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Sep 07, 2009 15:18 |  #24

AudibleSilence wrote in post #8598422 (external link)
The ergonomics argument is a wash? Really? I dunno I kinda gathered this from your post:

1) you have small hands, have never shot with an XXd body, and or are a woman.

2) You didn't read this:



Most people that have a chance to shoot with a xxd body say right away that the body feels better, changes are made faster, and generally the body is superior.


I have to agree with that statement 100%!

I've been shooting with an XTI for a year now. Lately as I'm working more with manual controls and selecting focal points myself I am finding it very awkward.

This past Saturday I got to hold a 50D. Oh it was like a dream. Even tho the camera is much bigger than the XTI, it fit my hand (and I have small hands) like a glove and felt so much more balanced. I could see that it would be a real joy to shoot with. I"m sure I'd have less hand and shoulder strain holding something that fit so comfortably in my hand. I get cramps in my palm sometimes from trying to hold the camera and change settings while I'm looking through the eyepiece.


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50mm 1.8, 85mm 1.8, Sears 135mm 2.8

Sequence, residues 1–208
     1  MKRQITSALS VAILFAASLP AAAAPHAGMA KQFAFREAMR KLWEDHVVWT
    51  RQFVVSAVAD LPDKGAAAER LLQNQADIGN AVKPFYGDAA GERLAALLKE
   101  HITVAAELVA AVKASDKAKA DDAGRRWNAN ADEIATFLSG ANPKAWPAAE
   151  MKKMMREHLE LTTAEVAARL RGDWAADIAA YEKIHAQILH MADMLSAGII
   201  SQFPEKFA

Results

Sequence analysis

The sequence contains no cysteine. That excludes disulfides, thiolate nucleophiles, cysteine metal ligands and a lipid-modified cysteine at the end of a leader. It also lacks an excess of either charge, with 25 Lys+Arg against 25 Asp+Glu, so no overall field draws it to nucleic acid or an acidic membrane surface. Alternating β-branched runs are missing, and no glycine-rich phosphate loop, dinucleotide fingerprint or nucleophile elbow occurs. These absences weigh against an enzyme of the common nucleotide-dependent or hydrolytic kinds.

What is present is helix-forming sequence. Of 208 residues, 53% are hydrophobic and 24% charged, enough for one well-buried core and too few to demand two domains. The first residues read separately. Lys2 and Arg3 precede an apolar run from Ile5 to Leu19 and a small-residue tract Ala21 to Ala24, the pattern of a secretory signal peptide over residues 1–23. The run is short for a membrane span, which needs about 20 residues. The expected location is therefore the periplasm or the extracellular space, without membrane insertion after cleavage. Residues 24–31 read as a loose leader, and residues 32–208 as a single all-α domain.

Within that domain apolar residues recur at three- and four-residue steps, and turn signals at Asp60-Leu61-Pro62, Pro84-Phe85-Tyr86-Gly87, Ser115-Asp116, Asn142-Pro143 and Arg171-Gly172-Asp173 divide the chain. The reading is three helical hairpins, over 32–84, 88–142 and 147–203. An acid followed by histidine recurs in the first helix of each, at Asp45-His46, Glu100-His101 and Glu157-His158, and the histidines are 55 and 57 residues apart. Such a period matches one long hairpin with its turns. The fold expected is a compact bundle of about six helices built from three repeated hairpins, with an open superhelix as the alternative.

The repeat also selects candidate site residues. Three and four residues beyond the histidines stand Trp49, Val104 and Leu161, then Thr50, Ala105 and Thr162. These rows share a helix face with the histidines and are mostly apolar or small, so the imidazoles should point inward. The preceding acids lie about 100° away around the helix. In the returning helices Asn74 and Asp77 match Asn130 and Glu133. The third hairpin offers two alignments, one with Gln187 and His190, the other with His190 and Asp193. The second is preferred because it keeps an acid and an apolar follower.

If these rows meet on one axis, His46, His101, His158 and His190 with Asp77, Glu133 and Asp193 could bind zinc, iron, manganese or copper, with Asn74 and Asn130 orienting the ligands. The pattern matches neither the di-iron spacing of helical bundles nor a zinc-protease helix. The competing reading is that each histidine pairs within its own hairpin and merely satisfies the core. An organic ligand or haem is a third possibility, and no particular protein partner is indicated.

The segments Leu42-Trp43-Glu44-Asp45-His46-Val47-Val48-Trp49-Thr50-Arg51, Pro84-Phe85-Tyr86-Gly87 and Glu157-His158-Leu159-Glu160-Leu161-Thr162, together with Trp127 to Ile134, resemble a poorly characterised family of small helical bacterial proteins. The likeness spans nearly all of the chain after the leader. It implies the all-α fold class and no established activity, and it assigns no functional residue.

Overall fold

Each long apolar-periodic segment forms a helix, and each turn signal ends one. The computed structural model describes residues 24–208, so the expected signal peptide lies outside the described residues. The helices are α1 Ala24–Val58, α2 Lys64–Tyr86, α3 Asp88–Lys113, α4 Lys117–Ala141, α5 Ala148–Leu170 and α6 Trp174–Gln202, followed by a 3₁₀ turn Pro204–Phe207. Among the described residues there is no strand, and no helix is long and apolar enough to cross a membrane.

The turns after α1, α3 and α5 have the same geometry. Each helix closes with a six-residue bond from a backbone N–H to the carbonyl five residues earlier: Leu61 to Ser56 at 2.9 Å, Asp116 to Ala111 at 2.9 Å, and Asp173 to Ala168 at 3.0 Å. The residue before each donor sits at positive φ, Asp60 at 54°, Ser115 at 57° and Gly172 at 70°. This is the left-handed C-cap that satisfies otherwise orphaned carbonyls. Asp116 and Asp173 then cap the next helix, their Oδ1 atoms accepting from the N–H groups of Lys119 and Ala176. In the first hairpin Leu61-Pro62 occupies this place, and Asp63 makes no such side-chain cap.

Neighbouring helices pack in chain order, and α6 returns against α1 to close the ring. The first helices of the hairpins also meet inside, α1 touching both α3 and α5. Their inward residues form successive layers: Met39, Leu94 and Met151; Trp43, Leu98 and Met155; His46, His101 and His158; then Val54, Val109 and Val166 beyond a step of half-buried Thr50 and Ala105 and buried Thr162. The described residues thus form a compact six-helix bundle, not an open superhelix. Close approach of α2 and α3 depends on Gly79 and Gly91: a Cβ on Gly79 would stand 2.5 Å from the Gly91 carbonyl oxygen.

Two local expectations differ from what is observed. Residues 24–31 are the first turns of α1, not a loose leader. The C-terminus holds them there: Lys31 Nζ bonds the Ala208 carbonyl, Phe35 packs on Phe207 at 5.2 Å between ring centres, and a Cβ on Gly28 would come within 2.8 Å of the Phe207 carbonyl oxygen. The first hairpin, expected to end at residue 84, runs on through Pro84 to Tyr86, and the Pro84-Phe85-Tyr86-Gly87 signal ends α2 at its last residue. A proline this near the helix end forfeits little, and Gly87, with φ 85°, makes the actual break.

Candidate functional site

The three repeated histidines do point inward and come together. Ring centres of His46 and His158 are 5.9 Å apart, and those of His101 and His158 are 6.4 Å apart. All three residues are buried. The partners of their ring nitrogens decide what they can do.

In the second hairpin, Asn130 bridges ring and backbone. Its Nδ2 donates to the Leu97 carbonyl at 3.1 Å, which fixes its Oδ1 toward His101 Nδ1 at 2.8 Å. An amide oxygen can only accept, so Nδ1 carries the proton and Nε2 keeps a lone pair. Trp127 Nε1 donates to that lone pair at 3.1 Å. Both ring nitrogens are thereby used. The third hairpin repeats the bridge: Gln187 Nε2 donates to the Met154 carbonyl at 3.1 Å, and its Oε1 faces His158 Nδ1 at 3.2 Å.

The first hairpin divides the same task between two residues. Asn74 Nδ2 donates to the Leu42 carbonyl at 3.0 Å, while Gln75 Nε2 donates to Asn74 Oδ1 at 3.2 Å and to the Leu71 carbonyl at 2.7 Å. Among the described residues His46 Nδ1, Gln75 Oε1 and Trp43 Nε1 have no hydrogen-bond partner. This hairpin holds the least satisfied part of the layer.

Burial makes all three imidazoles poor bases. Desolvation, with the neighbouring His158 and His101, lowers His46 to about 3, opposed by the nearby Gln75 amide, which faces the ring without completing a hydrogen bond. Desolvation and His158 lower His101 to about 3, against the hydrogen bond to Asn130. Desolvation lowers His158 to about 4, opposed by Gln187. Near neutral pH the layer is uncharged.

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DStanic
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Sep 07, 2009 22:15 |  #25

photomom2one wrote in post #8600147 (external link)
I have to agree with that statement 100%!

I've been shooting with an XTI for a year now. Lately as I'm working more with manual controls and selecting focal points myself I am finding it very awkward.

This past Saturday I got to hold a 50D. Oh it was like a dream. Even tho the camera is much bigger than the XTI, it fit my hand (and I have small hands) like a glove and felt so much more balanced. I could see that it would be a real joy to shoot with. I"m sure I'd have less hand and shoulder strain holding something that fit so comfortably in my hand. I get cramps in my palm sometimes from trying to hold the camera and change settings while I'm looking through the eyepiece.